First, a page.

I woke up the day of our big appointment full of excitement, but also full of disbelief that we were actually going to do this. Today. Like, for real. At the same time, I was hesitant to let myself get too excited, so I brushed off those feelings and tried to just focus on getting ready for our big trip.
I had been pretty calm, cool and collected (maybe my wife’s personality is rubbing off on me) for the past couple of days, and my current excitement was definitely at odds with my desire to be calm and level-headed about the whole thing. Over the past few days I had received so many well wishes and questions about how I was doing, and I was never really sure how to respond. I suppose most people would have expected me to be incredibly excited, but I was feeling more reserved and almost apprehensive about the situation because the outcome was so variable. Believe it or not, IUI only has about a 20% chance of working the first try (which is about the same success rate as the old fashioned way), which to me meant that there was an 80% chance that it wouldn’t work. I saw this appointment as yet another stepping stone in our journey. A stepping stone that could easily disappear or just continue to move further and further away, if things didn’t go according to our plan.
I know, I’m a big downer. But if you prepare for the worst, then nothing can disappoint you, right?
We jumped into the car and got my last coffee from Starbucks (a delicious latte with almond milk!) and made the familiar 2 hour trip to Saskatoon. My feelings cycled between nervousness and excitement during the whole trip, as I tried to wrap my mind around what was happening. I could tell my wife was also excited and nervous, because she was acting just a bit sillier than normal. Upon arrival at the clinic, we paid our $350 clinic fee (cha ching!) and our $100 storage/admin fee (cha ching!) and sat in the waiting room. The nurse let us know that our sperm was being thawed, which would take about half an hour, and that we would be taken into the office shortly. Tired from my erratic feelings, I rested my head on my wife’s shoulder and watched some TV while we waited.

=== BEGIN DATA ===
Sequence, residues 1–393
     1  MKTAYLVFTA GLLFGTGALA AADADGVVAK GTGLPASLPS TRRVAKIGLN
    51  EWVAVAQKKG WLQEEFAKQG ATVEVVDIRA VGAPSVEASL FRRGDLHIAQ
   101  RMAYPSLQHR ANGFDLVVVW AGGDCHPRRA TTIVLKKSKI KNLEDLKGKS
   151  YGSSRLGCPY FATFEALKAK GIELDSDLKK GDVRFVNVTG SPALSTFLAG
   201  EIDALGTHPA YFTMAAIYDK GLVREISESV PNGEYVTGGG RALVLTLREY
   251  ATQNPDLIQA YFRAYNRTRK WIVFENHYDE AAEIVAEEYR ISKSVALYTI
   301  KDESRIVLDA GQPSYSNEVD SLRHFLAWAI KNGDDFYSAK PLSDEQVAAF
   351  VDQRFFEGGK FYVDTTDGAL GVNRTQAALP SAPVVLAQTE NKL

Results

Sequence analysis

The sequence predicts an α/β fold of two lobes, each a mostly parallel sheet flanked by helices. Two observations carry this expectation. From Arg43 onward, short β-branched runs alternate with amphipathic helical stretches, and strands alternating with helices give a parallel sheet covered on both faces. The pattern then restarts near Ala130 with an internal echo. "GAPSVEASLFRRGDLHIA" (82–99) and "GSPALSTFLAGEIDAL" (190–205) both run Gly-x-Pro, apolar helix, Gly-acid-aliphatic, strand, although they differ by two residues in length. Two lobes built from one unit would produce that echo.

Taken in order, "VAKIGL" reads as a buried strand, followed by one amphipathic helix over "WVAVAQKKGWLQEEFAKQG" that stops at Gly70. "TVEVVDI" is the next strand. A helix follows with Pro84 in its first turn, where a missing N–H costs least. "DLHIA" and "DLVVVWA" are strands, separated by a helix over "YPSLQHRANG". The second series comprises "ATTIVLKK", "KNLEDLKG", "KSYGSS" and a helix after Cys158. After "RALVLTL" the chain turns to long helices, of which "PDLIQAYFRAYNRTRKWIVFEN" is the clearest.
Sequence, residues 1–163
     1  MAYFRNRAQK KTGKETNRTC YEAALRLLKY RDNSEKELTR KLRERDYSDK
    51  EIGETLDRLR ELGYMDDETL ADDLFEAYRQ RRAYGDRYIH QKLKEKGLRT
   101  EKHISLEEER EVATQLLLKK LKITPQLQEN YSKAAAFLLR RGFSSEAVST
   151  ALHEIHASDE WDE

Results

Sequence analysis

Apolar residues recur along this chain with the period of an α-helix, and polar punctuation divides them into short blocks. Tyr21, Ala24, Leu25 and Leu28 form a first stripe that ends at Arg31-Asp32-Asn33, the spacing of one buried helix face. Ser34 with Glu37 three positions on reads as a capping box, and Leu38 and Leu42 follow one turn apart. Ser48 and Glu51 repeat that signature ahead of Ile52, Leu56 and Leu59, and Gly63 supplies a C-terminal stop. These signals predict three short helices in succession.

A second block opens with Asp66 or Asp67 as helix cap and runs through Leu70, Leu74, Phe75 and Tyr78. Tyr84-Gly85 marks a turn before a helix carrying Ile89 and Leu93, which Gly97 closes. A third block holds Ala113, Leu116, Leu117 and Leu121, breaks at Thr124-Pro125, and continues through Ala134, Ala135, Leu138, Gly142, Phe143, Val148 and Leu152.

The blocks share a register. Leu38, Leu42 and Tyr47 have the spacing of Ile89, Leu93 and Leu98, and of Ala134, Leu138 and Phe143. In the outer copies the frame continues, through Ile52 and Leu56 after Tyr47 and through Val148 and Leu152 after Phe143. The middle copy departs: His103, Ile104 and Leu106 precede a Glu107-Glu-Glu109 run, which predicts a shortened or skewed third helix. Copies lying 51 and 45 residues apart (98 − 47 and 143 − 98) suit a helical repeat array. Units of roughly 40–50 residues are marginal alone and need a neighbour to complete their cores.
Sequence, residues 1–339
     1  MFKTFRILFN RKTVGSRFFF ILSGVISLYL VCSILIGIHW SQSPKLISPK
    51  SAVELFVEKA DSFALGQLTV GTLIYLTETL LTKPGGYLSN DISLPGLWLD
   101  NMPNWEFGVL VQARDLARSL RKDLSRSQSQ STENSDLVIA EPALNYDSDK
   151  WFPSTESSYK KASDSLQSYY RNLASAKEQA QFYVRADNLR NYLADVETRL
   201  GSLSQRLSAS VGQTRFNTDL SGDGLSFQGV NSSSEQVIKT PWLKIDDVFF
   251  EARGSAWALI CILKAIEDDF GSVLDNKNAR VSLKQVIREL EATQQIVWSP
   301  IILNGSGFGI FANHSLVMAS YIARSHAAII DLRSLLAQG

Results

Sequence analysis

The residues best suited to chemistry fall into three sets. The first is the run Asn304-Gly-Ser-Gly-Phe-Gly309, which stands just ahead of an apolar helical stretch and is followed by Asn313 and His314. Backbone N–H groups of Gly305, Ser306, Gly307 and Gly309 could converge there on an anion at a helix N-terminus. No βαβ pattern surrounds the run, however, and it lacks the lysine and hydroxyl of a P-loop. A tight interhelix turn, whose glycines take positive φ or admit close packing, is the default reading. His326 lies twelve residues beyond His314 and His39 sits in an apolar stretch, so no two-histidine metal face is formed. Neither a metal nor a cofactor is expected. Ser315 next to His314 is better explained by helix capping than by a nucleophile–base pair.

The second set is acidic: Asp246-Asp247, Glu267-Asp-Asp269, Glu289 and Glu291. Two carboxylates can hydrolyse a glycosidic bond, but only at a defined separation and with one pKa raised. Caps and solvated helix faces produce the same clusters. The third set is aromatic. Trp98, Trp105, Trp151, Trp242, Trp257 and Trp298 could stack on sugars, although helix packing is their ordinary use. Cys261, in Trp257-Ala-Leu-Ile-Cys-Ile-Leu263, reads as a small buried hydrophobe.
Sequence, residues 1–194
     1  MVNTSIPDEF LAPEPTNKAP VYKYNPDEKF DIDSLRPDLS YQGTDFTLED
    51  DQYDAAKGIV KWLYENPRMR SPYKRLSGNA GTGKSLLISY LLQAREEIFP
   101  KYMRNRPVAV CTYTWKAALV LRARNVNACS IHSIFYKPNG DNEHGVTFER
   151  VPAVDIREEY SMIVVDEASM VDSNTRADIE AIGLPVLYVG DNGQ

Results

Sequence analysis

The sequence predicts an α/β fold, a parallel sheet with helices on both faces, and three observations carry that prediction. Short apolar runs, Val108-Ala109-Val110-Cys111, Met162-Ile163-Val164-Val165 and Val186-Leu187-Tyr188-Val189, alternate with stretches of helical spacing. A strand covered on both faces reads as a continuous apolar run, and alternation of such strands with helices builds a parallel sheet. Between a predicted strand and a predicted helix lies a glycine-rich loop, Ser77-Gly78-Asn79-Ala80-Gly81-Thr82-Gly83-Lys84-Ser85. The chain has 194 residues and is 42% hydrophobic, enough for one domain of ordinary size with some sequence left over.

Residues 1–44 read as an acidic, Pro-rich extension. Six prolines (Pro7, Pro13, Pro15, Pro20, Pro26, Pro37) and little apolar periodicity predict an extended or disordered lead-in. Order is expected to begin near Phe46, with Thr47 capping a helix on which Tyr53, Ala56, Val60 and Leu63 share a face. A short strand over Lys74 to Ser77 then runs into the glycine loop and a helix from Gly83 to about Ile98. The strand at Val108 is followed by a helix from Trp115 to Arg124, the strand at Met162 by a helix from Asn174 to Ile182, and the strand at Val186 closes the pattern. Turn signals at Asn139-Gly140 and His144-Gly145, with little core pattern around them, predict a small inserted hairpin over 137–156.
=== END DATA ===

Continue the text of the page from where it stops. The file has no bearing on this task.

As I was just getting into “The View”, the woman sitting next to us in the waiting room started talking to us. She was very pleasant, about our age, and just casually offered us her brother’s sperm. Yep, you read that right.
Seriously. I could not make this stuff up.
We were initially a little taken aback (you know, with her being a complete stranger and all), but to be fair, it’s not the first time that we have received an offer like that. When some of our male friends found out we were trying, we got offered sperm by the bucketful (usually as a joke, but not all the time). But we’ve never received an offer from someone we didn’t even know! She was very friendly (if clearly a little nosey) and also prefaced her offer by saying she could just mind her own business, if we found her request insulting in some way. We just chuckled, thanked her sincerely for her offer and let her know we had already picked a donor. We continued a bit of polite conversation and my wife mused on how that conversation with her brother might go.
Some people may have found this offer offensive, but I actually found it rather encouraging. I’m sure it took a lot of courage for her to even strike up a conversation with us, let alone make the offer that she did. So to us, a total stranger offering to help us (a clearly gay couple) start a family was a beautiful sign of support and compassion. It really warmed my ovaries to see such a genuine gesture from a complete stranger.
We were called into the office by a nurse, who instructed me to take off my clothes from the waist down and lay on the table. As I was getting ready, my anxiety and excitement came flooding through my calm and collected barricade and everything started to feel very real . What if this actually works?! What if it doesn’t work?